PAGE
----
U.S. News & World Report: Thousands of Afghan Interpreters Wait for Visas as Congress Squabbles
By: Katherine Lonsdorf and Patrick Martin
Massachusetts Democratic Rep. Seth Moulton, a former Marine and vocal advocate for Afghan interpreters, introduced an amendment to the NDAA specifically aimed at continuing and expanding the SIV program.
"The very least we can do is offer them a chance to stay alive, to keep living, rather than abandoning them to the same enemies they united with us to destroy," Moulton said in an address on the House floor on May 18 about the proposed amendment.
Peter Billerbeck, Moulton's defense and foreign policy adviser, has championed the program for the past three years. He has noticed a change in the political conversation surrounding the program recently, from one of general support to opposition.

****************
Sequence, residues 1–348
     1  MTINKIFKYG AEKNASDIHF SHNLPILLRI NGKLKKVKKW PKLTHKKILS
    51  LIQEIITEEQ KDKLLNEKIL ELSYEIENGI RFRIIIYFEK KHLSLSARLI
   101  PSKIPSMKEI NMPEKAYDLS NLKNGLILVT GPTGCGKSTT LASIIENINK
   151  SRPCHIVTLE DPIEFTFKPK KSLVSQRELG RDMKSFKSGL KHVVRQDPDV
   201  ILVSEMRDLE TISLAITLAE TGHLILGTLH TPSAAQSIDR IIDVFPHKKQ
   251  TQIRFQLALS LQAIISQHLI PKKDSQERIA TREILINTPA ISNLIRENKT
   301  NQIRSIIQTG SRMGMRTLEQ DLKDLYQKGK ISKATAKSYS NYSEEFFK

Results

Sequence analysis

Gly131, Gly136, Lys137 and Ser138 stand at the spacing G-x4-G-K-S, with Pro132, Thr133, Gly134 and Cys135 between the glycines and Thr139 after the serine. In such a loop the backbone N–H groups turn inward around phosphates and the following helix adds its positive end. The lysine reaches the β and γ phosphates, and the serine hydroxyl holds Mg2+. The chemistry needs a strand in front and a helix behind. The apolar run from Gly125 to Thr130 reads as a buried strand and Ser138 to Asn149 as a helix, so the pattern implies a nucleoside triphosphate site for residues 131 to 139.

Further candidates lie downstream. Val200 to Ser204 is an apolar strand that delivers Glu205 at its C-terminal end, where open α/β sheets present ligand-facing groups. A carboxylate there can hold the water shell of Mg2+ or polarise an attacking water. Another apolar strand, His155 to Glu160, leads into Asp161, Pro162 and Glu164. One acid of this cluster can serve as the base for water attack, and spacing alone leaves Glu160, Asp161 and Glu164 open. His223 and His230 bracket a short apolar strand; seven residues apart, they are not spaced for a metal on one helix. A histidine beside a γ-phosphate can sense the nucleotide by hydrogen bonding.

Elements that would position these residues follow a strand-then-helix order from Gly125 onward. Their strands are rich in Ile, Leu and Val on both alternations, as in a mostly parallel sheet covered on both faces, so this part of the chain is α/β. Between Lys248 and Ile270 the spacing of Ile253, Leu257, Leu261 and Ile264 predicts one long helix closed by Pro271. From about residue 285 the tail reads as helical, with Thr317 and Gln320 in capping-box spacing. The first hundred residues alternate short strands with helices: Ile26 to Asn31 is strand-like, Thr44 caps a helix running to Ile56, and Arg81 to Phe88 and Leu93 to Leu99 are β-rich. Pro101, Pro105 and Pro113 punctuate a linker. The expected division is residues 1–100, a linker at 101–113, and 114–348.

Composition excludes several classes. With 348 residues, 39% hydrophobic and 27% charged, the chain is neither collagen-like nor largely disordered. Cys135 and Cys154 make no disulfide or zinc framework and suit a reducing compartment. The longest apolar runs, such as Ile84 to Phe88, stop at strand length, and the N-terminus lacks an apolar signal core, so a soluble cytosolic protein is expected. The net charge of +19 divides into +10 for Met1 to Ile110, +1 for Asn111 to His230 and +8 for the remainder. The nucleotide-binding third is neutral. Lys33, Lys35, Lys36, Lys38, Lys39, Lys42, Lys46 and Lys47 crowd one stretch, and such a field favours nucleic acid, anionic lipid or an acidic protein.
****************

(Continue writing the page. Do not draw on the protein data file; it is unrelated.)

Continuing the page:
"It used to be just a question of how many things would be included or renewed. It wasn't a question of if the program itself would be renewed," Billerbeck said in a phone interview.
Billerbeck said two main objections often emerge in the debate over the SIV program. One is the cost, which the Congressional
Budget Office estimates at $446 million over the next decade, if the program were expanded to fully fund Moulton's amendment. "The other is a broader anti-immigrant, anti-refugee sentiment that doesn't view the sacrifices that these folks have made as uniquely valuable or uniquely endangering," Billerbeck said.
While the House voted to keep the SIV program in May, the Senate did not include an extension of the visa program for interpreters in its version of the defense bill passed in June.
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